However, refractory metals, while being strongly self-bonded chemically, tend to form poor or weak chemical bonds with other compounds. This poor chemical bonding is exhibited when the refractory metals are deposited over a substrate material of many common semiconductor compounds. If a refractory metal layer is formed next to the compound semiconductor of a device, high-temperature process steps may cause the compound semiconductor and the refractory metal layer to dissociate, resulting in device failure.
In another case, the high temperature may cause excess reaction or diffusion of the ohmic contact material with one or more materials of the adjacent regions of the compound semiconductor. Reaction or diffusion, for example, may be exhibited when the junction between the ohmic contact (e.g., Pt) and the compound semiconductor (e.g., GaAs substrate) is exposed to high temperatures. A constituent of the semiconductor compound, such as Ga (and to a lesser extent As), may “dissolve” from the substrate into the contact layer to form one or more alloys (e.g., forming GaPt3, and to a lesser extent, PtAs2). Au/GaAs and Pt/GaAs systems in particular exhibit considerable alloying under relatively high temperatures.
The alloys formed near the junction change the electrical properties of the junction, such as contact resistance and Schottky barrier height between the metal and the compound semiconductor. The actual compounds formed depend on the contact layer metal, semiconductor compounds, and layer thickness. In addition, layer composition is a sensitive function of exposure time and temperature. Consequently, identically fabricated devices of the prior art may exhibit gross variations in thermal stability and in operating characteristics of the device once the devices are exposed to a high temperature process step.
The present invention relates to a scheme for making semiconductor devices more resistant to semiconductor device variation when the semiconductor device is exposed to a high-temperature process step. A semiconductor device having high-temperature stability in accordance with the present invention comprises a semiconductor layer; a prelayer disposed on the semiconductor layer; a refractory layer disposed on the prelayer; and a conductive layer disposed on the refractory layer. The refractory layer inhibits migration of elements between the conductive layer and the semiconductor layer; and the prelayer inhibits loss of adhesion between the refractory layer and the semiconductor layer.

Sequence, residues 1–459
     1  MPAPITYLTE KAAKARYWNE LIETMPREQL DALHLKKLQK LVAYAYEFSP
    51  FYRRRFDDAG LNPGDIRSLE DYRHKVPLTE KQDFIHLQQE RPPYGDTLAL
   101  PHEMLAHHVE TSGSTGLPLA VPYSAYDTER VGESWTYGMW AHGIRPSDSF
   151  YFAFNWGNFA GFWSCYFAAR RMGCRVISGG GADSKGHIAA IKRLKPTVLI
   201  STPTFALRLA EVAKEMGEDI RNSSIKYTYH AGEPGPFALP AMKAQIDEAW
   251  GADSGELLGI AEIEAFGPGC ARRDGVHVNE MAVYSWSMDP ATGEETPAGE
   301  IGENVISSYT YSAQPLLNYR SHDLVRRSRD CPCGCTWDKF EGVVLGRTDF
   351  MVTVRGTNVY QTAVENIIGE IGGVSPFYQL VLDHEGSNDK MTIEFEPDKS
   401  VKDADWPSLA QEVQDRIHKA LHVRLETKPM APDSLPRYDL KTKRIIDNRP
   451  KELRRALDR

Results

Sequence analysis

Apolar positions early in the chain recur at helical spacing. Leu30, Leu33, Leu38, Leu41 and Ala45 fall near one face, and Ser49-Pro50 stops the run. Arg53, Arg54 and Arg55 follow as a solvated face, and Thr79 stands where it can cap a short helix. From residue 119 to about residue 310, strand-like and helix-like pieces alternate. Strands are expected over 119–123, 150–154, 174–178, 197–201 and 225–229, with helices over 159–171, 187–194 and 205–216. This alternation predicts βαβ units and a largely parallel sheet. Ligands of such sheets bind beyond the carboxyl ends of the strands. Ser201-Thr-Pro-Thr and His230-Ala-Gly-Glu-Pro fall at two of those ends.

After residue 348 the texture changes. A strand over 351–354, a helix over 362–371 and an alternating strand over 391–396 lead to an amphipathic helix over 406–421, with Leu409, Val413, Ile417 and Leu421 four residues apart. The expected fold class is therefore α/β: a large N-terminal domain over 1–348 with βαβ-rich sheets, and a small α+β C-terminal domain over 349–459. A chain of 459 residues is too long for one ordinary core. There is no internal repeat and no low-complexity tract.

Other aspects, features, and advantages of the present invention will become more fully apparent from the following detailed description, the appended claims, and the accompanying drawings in which:
FIG. 1 shows a semiconductor device in accordance with the present invention; and
FIG. 2 shows an exemplary structure as may be employed in embodiments of a semiconductor device in accordance with the present invention.
In accordance with the present invention, when the semiconductor device is exposed to temperatures above ⅔ of the melting point of the semiconductor in absolute temperature (Kelvins), or the congruent evaporation temperature of a compound semiconductor, effects from diffusion and/or loss of adhesion (e.g., delamination and dewetting or other effects from dissociation) of the materials between a conductive layer and semiconductor layer may be reduced. The effects are reduced by employing a refractory layer and a prelayer disposed between the conductive layer and semiconductor layer.
FIG. 1 shows a semiconductor device 100 in accordance with the present invention, comprising semiconductor layer 102, prelayer 104, refractory layer 106, and conductive layer 107. Conductive layer 107 may comprise a bonding layer 110 and a barrier layer 108. Semiconductor layer 102 may typically be a semiconductor material such as GaAs or InP, and may be a substrate or a substrate with a lightly doped region of the semiconductor device (e.g., n−, n+, p−, or p+-type semiconductor material). As would be apparent to one skilled in the art, other semiconductor materials, such as non-metallic compounds or intermetallic compounds may be employed for the semiconductor 102. Commonly employed semiconductors may be selected from the Group IV elements (e.g. Si), Group III-V compounds (e.g., GaSb, InSb), mixed Group III-V compounds (e.g., Ga1−xInxSb, InAsx Sb1−x) or Group II-VI compounds.